Another indication of the greater seriousness of Cheit Hameraglim is the fact that G-d basically forgave those who sinned with the Egel. The punishment for the Cheit Haegel is delivered “byom pokdi, uphakadti aleihem chatatam…” (Shemoth 32:34), punishment for this sin gradually extracted over the generations in combination with other punishments. After Cheit Hameraglim, the entire generation was condemned to death in the desert, and only a new generation could go into Eretz Yisrael.
There is a striking Sifri (Bamidbar, Parshat Naso, #144) for which the Maharal offers a fundamental principle in explaining it. Rebbi Elazar the son of Reb Elazar Hakafar says: Great is Shalom (unity), for even if the Jewish people are serving Avoda Zarah (false idols) but they are united, they are immune from retribution.
The beginning of destruction is when every person is worrying about himself and his own personal agenda. Everyone is pulling in his own personal direction, and whatever exists is in danger of collapse. The walls begin to crack. When everyone is united in a common purpose transcending the individual (even if, chas v’chalilah, the purpose is not the best one) there is an integrity of the unit that makes it impregnable. This was the situation of Klal Yisrael at cheit haegel, where they were UNITED in the search for an alternative to Moshe as their leader to lead them in their continued service of G-d. This had overtones of Avoda Zara (see Ramban, Ki Tisah), and for that they were threatened with destruction. But when G-d forgave them, their unity enabled them to continue united in their mission which had gotten sidetracked, with their punishment being measured out over time, while they received the second set of tablets and proceeded towards Eretz Yisrael. They were united in the desire to SERVE G-d, being misguided in how to implement what was a fundamentally altruistic motivation.
The sin of the spies and the rejection by Klal Yisrael of entry into the Land of Israel was a case of individuals pursing THEIR OWN agenda. They desired to stay in the womb of the desert, where all their needs were taken care of in a miraculous way, rather than enter Eretz Yisrael and be involved in serving G-d in a more “earthly” way. G-d’s agenda for them was entry into Israel, and to serve Him under new conditions. But the people were more interested in their own perceived spiritual welfare, rather than fulfilling G-d’s mission for them in the way He wanted it. Pursuit of the individual agenda is a fragmentation of the Jewish people; the beginnings of the “crack in the wall,” as each person is worrying “what’s good for me.”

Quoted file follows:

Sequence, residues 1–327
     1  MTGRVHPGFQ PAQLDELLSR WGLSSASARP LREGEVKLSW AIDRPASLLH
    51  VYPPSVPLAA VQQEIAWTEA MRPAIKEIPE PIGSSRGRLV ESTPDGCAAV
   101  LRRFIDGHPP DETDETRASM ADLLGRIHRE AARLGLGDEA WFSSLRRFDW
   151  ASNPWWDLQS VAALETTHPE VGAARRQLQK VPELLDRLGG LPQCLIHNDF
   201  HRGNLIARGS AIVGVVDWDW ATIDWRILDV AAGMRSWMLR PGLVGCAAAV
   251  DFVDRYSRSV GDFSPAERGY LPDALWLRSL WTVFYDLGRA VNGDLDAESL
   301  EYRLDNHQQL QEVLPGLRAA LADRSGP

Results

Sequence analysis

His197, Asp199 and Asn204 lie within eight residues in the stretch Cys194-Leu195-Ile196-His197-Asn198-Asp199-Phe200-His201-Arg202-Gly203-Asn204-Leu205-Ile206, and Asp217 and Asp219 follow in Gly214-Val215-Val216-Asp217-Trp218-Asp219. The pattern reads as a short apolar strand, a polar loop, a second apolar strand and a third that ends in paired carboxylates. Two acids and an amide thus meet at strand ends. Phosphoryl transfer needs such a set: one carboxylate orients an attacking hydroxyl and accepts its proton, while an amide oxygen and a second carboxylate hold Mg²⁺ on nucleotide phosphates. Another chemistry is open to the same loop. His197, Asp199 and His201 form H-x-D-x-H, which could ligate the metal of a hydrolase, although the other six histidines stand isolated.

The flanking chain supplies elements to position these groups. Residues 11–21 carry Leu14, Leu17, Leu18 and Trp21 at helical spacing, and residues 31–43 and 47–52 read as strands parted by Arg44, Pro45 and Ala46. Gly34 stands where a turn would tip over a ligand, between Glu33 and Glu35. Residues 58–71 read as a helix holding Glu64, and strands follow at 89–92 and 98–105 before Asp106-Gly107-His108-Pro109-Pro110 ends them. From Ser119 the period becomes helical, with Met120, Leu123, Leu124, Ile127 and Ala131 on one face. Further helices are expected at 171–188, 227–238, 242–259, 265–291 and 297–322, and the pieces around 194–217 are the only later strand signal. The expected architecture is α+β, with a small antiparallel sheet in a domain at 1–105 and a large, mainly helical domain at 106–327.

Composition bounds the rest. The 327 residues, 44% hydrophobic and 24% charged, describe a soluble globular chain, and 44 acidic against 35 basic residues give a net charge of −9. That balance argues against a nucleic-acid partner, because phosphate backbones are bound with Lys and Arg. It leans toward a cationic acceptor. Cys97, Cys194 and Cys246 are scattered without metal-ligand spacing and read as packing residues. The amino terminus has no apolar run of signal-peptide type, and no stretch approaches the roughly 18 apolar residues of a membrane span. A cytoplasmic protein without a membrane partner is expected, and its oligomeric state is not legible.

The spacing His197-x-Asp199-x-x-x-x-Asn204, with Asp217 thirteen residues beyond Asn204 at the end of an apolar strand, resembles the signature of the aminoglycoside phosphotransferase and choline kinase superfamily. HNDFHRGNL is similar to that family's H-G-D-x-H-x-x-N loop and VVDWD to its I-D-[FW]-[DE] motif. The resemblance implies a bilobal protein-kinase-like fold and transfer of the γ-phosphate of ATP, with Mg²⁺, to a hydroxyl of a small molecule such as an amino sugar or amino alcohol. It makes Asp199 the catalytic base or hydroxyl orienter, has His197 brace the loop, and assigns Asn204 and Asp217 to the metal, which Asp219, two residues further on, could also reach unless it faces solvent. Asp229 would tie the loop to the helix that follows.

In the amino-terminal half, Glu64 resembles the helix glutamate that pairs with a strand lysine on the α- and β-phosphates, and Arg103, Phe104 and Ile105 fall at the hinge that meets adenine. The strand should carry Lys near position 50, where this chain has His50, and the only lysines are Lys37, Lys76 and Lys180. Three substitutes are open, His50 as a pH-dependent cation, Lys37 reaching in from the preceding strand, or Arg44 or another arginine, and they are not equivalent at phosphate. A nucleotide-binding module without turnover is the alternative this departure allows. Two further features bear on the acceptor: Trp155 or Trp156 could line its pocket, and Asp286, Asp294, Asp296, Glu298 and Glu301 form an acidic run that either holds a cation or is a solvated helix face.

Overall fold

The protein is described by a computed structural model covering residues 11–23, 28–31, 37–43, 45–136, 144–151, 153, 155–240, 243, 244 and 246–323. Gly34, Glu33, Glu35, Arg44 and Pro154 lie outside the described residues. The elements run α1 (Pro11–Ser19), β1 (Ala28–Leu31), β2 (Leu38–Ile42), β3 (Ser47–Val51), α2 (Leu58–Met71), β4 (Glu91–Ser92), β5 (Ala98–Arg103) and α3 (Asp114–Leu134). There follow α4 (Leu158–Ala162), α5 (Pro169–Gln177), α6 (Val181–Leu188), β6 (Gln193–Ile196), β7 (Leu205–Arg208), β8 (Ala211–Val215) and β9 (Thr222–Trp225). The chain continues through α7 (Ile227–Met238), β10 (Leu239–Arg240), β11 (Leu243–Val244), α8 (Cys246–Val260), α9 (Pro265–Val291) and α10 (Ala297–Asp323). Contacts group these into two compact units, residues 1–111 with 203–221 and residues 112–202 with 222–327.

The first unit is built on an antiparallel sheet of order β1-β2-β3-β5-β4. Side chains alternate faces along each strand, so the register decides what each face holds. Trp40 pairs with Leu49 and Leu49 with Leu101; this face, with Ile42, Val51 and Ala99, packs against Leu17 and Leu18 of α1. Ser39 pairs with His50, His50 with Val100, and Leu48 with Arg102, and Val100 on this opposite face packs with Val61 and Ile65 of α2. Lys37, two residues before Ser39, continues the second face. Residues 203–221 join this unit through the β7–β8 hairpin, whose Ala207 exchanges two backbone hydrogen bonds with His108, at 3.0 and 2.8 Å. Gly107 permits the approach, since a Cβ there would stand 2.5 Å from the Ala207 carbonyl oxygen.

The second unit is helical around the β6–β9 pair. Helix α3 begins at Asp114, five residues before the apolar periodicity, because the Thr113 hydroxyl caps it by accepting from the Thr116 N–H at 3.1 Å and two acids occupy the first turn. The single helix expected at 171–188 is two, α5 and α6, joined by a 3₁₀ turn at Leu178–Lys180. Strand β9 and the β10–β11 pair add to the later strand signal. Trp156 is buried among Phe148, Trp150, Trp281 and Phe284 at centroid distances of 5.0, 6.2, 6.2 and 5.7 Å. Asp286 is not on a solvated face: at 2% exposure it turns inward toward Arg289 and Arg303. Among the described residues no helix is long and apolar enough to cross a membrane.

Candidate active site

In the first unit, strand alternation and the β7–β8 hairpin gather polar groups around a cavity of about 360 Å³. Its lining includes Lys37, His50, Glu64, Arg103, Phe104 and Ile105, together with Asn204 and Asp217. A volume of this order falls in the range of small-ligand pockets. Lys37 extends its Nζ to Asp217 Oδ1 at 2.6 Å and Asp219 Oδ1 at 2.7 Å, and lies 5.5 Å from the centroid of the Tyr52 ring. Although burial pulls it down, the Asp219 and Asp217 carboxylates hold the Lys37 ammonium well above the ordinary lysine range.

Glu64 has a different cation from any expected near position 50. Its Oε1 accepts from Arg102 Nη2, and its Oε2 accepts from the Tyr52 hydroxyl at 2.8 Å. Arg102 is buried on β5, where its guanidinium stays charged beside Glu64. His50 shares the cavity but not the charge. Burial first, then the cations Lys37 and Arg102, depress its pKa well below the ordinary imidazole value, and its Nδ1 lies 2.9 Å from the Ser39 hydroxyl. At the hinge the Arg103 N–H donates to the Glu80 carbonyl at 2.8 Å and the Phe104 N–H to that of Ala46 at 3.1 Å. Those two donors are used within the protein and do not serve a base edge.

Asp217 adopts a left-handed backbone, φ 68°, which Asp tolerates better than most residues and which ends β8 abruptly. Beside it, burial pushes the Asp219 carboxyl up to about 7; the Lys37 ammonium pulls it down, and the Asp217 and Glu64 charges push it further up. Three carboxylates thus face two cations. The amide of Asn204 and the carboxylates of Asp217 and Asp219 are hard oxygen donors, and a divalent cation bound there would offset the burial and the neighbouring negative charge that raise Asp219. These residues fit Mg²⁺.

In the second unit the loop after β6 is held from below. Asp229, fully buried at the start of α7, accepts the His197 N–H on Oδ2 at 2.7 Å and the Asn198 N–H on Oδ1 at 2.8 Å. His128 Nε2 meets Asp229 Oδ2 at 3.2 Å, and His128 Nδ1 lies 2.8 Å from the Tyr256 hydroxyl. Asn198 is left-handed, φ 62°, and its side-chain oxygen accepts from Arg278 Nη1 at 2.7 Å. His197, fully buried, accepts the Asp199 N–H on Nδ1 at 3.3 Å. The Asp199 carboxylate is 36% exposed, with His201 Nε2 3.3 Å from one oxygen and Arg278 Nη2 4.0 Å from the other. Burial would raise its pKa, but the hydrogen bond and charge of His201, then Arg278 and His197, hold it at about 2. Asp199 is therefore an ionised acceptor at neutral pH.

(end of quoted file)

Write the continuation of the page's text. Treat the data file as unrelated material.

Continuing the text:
Galut, exile, which is the result of the destruction of the Beit HaMikdash on Tisha B’Av, is the state of the Jewish people being dispersed (pizur). It came about because of Sinat Chinam, unjustified hatred of others (Yoma 9b), where each person views other people as intrusions, being in his way to pursue his own agenda. Any perceived unity is purely functional. A group of individuals may come together because each individual feels that his or her personal agenda will be better accomplished with the help of the others. But the unity itself is egocentric. The forerunner of this was the sin of the spies, where the Jewish people together decided to pursue individual agendas rather than a united one.
When one is motivated by the desire to serve, other people are viewed not as competition and an intrusion, but rather as additional resources in helping to assure the accomplishment of the mission. What I can’t accomplish, someone else can. Strengths are emphasized and not weaknesses.
The Maharal in Netiv HaShalom, Chapter 1 teaches us that the characteristic of humility is: “…when man doesn’t single himself out as being special in an independent way, separating him from others; rather he views himself as equal to others, which is Shalom (peace; harmony). Machloket (divisiveness) occurs only when each one views himself as being independently superior” (arrogance as opposed to humility.)
The true Jewish leader is one who is focused completely on serving the community, giving all he can in a selfless way to fill the needs of the community. This is the underlying meaning of the lesson “Love work” — the inherent desire to utilize our resources, our energy, our creative ability to produce what we can for the benefit of others.
This behavior is the foundation of service. When the Jewish People knows how to behave in this way, it becomes deserving of Beit Hamikdash, a Temple to serve G-d and to bring His glory in to the world.